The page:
The Merchant of Venice

by: William Shakespeare


If he have the condition a saint and the complexion of a devil, I had rather he should shrive me than wive me. (I.ii.129-131)

In just the scene two of act one, Portia tells Nerissa that even if the Prince of Morocco behaves perfectly, she still wouldn’t be interested in marrying him because of his dark complexion. Portia’s lines set a precedent continued through the rest of the play: the play’s protagonists act on prejudice against those who look or act differently than they do. As Portia’s prejudice is an inextricable factor in her search for a husband, the plot-shaping actions of characters such as Antonio, Bassanio, Lorenzo, and Lancelot are laced with a prejudice that troubles modern readers.

You call me misbeliever, cutthroat dog,
And spet upon my Jewish gaberdine, (I.iii.120-122)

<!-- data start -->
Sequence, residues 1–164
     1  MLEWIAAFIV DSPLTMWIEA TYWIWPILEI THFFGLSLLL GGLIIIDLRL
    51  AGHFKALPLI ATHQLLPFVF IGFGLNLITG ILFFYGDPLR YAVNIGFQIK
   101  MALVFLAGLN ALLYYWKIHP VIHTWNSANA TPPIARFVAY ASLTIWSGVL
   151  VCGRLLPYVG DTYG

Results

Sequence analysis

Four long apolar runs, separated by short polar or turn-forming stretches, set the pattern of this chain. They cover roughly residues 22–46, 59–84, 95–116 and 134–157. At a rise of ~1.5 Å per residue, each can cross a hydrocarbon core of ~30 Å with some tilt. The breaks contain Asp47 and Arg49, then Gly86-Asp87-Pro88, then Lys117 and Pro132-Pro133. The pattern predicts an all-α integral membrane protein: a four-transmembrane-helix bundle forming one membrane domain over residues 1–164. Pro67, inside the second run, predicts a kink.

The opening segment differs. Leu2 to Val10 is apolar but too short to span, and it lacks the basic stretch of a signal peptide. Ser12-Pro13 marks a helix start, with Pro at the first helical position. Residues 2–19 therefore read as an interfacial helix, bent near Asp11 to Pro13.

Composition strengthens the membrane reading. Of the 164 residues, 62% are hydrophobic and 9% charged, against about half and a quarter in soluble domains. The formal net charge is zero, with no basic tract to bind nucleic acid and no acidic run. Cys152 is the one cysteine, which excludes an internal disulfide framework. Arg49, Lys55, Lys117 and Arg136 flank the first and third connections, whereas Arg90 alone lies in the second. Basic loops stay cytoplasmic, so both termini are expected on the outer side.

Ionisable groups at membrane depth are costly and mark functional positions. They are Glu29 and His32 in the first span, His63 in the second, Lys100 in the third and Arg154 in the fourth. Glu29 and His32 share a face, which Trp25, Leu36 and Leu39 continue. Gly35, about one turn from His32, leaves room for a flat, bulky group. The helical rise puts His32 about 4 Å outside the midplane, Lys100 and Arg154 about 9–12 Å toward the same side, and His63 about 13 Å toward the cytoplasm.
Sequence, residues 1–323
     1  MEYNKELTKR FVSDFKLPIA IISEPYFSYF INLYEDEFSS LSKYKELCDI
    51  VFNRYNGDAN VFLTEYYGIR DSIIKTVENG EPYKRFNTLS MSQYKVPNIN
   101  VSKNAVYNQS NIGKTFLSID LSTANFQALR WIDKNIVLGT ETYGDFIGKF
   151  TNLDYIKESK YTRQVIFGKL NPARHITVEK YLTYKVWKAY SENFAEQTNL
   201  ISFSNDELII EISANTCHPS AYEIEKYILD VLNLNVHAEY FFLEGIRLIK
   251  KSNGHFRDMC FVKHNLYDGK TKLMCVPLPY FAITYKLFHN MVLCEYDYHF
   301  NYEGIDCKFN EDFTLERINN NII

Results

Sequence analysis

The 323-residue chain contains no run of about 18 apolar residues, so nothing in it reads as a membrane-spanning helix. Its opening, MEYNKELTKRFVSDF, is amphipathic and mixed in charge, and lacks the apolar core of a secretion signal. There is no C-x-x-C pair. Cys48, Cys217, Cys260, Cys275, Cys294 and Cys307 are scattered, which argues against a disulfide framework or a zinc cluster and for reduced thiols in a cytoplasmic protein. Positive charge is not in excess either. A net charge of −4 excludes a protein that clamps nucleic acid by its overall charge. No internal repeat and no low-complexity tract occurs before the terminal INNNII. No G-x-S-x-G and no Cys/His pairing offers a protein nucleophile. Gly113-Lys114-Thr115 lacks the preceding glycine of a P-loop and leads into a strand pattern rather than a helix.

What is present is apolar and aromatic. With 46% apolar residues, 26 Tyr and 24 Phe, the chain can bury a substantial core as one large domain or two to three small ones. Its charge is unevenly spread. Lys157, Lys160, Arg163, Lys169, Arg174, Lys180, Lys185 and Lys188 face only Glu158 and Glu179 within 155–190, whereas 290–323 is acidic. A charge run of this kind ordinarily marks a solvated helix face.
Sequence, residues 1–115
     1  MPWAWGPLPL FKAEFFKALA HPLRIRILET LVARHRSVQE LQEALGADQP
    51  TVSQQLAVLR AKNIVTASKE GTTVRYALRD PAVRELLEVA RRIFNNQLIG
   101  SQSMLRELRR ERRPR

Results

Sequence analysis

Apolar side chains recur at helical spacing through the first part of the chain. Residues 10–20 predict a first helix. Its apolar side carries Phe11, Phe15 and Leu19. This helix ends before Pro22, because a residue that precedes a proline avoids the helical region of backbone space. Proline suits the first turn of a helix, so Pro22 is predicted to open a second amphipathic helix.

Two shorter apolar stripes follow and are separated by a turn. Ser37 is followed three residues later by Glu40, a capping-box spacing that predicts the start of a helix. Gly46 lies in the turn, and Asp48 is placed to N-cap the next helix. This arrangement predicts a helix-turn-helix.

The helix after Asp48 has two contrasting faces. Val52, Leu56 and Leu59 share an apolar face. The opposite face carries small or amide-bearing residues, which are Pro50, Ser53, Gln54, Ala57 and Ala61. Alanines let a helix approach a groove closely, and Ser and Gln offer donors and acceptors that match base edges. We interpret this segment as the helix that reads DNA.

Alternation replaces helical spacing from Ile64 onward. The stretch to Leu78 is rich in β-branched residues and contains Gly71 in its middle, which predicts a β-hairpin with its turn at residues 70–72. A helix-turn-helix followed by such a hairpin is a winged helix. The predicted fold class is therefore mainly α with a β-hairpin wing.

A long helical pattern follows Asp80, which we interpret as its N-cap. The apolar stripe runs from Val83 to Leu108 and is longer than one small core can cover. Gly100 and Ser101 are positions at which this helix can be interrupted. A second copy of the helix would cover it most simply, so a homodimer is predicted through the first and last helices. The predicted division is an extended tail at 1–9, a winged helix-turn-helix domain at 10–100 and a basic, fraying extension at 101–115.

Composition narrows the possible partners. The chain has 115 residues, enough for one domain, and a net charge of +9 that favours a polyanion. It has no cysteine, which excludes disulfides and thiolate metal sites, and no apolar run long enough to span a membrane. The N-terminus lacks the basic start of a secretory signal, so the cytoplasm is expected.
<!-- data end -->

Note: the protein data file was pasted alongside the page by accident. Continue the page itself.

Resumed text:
When Antonio and Bassanio approach Shylock for a loan, Shylock recounts Antonio’s past abuse. These vivid images of Antonio’s anti-Semitic cruelty explain the origin of Shylock’s hatred for Antonio and his friends. No matter how villainous Shylock becomes, modern readers can’t simply root for the play’s protagonists because we’ve witnessed their cruelty. Some interpretations of the play argue that moments such as this scene are evidence that Shakespeare intended Shylock to be a victim, not a villain, while others claim that those arguments come from a modern understanding of prejudice and shouldn’t be applied to an Elizabethan text.

This making of Christians will raise the price of hogs. (III.v.22-23)

Lancelet teases Jessica about her conversion from Judaism to Christianity. Despite running away from Shylock, marrying Lorenzo, and converting to Christianity, Jessica remains subject to anti-Semitism because the attitude is so deeply ingrained in the play’s Christian characters. For modern readers analyzing and interpreting this play, this moment demonstrates the strength of prejudice in the thoughts and actions of the characters, reminding us take the historical context of the play into account when making inferences about characterization and motivation.